Place:Low Catton, East Riding of Yorkshire, England

NameLow Catton
Alt namesCatonsource: Domesday Book (1985) p 306
Cattunesource: Domesday Book (1985) p 306
TypeCivil parish
Coordinates53.967°N 0.918°W
Located inEast Riding of Yorkshire, England     ( - 1974)
Also located inYorkshire, England    
Humberside, England     (1974 - 1996)
East Riding of Yorkshire, England     (1996 - )
See alsoPocklington Rural, East Riding of Yorkshire, Englandrural district in which it was situated 1894-1935
source: Getty Thesaurus of Geographic Names
source: Family History Library Catalog

the following text is based on an article in Wikipedia

Low Catton is a village in the East Riding of Yorkshire, England. It is situated approximately 7 miles (11 km) north-west of the market town of Pocklington and about 1 mile (1.6 km) south of the village of Stamford Bridge. It lies on the east bank of the River Derwent. Together with High Catton it now forms the civil parish of Catton.

Before the 1066 Norman conquest of England there was little reference in records or church censuses to the village or church parish of Low Catton. However, that year the village played host to perhaps its best known historical event, the nearby Battle of Stamford Bridge, which planted it on the map for the first time. Little is known about the village's exact role in events however, although its prominent position on the banks of the important trade route, the River Derwent, is thought to be the major reason for the settlement's importance.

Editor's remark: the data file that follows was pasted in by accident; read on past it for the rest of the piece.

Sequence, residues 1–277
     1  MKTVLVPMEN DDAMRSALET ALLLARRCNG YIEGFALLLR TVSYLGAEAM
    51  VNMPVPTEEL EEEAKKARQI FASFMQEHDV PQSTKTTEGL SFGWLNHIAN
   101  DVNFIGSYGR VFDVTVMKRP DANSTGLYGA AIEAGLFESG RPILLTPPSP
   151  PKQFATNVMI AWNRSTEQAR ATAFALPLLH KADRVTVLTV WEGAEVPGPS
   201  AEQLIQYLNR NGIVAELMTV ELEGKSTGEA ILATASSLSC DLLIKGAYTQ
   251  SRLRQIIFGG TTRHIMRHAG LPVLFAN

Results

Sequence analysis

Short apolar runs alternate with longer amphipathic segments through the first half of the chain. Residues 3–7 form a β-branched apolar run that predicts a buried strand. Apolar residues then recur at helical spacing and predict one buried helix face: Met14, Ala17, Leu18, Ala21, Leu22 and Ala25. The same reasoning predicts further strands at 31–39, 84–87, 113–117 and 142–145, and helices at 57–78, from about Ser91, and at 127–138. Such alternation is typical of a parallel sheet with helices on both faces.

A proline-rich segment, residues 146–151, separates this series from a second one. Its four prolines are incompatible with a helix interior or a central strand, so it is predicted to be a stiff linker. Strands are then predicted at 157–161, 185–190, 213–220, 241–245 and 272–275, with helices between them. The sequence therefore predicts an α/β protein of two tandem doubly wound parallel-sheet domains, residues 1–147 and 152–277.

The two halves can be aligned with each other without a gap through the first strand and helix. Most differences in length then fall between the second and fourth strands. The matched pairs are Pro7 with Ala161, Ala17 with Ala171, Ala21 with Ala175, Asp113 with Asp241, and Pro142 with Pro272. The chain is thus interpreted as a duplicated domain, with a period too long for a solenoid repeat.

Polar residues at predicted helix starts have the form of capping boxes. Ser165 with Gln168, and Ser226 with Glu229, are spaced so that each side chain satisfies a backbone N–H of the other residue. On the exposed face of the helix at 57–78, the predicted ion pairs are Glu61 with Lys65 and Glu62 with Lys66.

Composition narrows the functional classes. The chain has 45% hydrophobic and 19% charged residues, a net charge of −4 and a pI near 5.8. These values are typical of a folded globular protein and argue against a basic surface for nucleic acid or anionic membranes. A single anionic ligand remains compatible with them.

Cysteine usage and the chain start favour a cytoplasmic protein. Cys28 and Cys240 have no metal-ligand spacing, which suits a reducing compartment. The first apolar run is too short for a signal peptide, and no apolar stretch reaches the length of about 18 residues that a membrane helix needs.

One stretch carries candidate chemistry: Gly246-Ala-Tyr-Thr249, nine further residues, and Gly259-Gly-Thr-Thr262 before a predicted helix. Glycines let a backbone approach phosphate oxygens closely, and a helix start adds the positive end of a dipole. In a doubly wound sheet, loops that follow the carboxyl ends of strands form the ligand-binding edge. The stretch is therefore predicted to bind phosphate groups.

end of Wikpedia contribution

Historically, Low Catton was an ecclesiastical parish in the wapentake of Harthill. From 1894 until 1935 (the date of its merger with High Catton), Low Catton was located in Pocklington Rural District.

In 1974 most of what had been the East Riding of Yorkshire was joined with the northern part of Lincolnshire to became a new English county named Humberside. The urban and rural districts of the former counties were abolished and Humberside was divided into non-metropolitan districts. The new organization did not meet with the pleasure of the local citizenry and Humberside was wound up in 1996. The area north of the River Humber was separated into two "unitary authorities"—Kingston-upon-Hull covering the former City of Hull and its closest environs, and the less urban section which, once again, named itself the East Riding of Yorkshire.

Research Tips

  • GENUKI on Low Catton. The GENUKI page gives numerous references to local bodies providing genealogical assistance.
  • Catton,_Yorkshire The FamilySearch wiki on the ecclesiastical parish of Low Catton provides a list of useful resources for the local area.
  • A Vision of Britain through Time on Low Catton. (The entry for Low Catton, High Catton and Catton is combined.)
  • A Vision of Britain through Time also provides links to three maps of the East Riding, produced by the United Kingdom Ordnance Survey, illustrating the boundaries between the civil parishes and the rural districts at various dates. These maps all blow up to a scale that will illustrate small villages and large farms or estates.
This page uses content from the English Wikipedia. The original content was at Low Catton. The list of authors can be seen in the page history. As with WeRelate, the content of Wikipedia is available under the Creative Commons Attribution/Share-Alike License.